The Forsaken straightened from his slouch as much as his once rotting spine allowed and look at her. His eye sockets were bright green under his hood. In the time it took her to quirk an eyebrow at him, something with long horns, big breasts, and a flicking tail faded out of and back into a cloak of invisibility.
“Just try and touch me,” the succubus taunted.
The warlock laughed at this, and Matasuntha shot him a fanged grin. She had misidentified the undead.
“Come forward a bit more and give me the papers,” she hissed, holding out her left hand.
“I’m surprised you aren’t asking to see more of Mirtai,” he said, stepping closer and extending his arm. “Deathstalkers have eyes everywhere.
Your indulgences are no secret in the Undercity. Quite surprising for an undead.”
She snatched the papers and glared at him. “Yeah, well, my parts are still intact whereas yours were gone before you were reanimated.”
The Forsaken laughed. “Physicality is irrlevent when it can be replaced by magic.”
She snorted and, though it made her nervous, drove Rimesheen into the ground so she could hold the paperwork with both hands while she glanced over it. As she flipped through the pages, she sensed her ghoul was distracted by the warlock’s glowing eyes. She really didn’t want to spend anymore time Silverpine Forest.
“Okay, these look good,” she snapped, tucking the scrolls into a black leather bag slung from her shoulder. “You’ll receive a response from my superiors soon.” She reached for Rimesheen’s hilt.
“Your superiors, huh?” The fel-green eyes seemed to squint. “Tell Highlord Mograine that he can suck my fel–”
“Do not finish that sentence!” She thrust the tip of Rimesheen against his throat.
Before the Forsaken could answer, a whip coiled around her wrist and drew taut. Mirtai dropped her occlusion. She was gripping the whip handle in raised hand.
“Tell your bitch to let go, and I will not cut off her tits and fuck her while she bleeds back into the Twisting Nether.”
What remained of the warlock’s mouth grimaced. “Like you would have sex with anything without breasts.”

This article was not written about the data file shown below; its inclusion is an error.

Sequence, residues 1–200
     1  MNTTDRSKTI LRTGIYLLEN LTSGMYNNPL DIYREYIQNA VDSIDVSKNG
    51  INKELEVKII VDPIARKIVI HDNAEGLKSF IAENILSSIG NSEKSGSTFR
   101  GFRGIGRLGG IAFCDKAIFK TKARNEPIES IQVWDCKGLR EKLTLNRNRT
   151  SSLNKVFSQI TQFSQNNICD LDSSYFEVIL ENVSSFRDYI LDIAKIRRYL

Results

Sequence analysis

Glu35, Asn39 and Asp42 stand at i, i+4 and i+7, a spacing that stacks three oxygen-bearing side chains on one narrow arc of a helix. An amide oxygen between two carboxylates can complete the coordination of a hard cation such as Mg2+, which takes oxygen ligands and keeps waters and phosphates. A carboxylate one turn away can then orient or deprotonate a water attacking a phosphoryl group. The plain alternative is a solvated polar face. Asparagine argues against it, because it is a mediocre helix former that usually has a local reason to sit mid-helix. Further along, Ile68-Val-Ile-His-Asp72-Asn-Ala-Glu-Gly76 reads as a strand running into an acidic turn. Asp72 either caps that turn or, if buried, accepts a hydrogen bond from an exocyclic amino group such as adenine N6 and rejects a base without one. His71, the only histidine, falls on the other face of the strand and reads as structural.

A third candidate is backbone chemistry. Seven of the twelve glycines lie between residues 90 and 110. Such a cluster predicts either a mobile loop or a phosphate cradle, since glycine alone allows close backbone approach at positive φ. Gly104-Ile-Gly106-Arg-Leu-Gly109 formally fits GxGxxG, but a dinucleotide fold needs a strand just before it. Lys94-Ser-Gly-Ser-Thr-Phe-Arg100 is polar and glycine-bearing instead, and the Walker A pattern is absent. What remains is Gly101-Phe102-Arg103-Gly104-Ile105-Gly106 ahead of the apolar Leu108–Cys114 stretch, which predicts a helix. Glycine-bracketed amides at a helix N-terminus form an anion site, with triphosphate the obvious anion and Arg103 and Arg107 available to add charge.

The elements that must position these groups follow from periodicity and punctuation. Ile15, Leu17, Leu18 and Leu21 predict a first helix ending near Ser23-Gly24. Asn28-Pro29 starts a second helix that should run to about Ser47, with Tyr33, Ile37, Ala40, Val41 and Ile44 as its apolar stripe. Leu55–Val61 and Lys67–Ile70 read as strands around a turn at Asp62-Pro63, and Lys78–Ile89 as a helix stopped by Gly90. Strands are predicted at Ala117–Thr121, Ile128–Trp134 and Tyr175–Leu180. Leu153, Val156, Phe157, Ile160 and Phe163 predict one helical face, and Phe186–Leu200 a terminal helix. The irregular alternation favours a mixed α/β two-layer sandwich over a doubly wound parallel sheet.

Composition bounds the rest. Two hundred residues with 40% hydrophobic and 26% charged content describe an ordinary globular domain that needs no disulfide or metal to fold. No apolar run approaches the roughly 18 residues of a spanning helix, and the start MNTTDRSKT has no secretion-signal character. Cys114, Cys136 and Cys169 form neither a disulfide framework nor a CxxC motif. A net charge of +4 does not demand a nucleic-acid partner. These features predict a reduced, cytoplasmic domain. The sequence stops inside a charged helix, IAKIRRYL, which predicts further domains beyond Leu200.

“Do it,” she growled. The runic aura around Rimesheen’s blade turned an even darker shade of blue. “Now.”
“Fine, fine.” He shook his head at her. “Mirtai, release her wrist.”
The succubus pouted at her master. “Oh, you never let me have any fun.”
“We can have fun as soon as we’ve returned. Promise.”
She disappeared back into invisibility, jubilating. “I hope we can play ‘Where in the Nether are my Nethers?’ tonight.”
The warlock was about to respond, but Matasuntha interrupted: “Are we done here?”
“Yes, we are done here, Alliance harlot.”
“Thanks for the compliment. Now get out of my sight.”
She lowered Rimesheen, but waited until the warlock (and no doubt his succubus) had withdrawn into the distance to sheath the runeblade to her back. Sighing, she conjured a portal to Ebon Hold. The gargoyle burst out of stoneform and flew back to headquarters while Matasuntha called down Snowplum. Once the circling hippogryph landed with a hesitant squawk, the beast having never fully adjusted with the macabre nature of her rider, they filed one-by-one into the death gate.
The living have a way of being irritating.
This was Matasuntha’s thought as she dropped contact with her friends. She would miss them, but the upkeep was less than the provided entertainment. She hoped none of them would be seriously offended.
If they were, so be it. She had plenty of work to do for the Ebon Blade. The Forsaken were becoming a real nightmare.
She sighed, looking out over the Eastern Plaugelands. She would really miss Synkaa. Their relationship had been an invigorating animation in an existence of reanimation. She wondered if she was in her thoughts.
She shook her head. It was just as well they no longer spoke. The death knight had little time to satisfy the shaman’s unquenchable lust, and that was saying something. They would probably never again mix ice and fire.
Loneliness twinged against her bones, but Nyx interrupted her with a summons. She turned and nodded at the shadeling.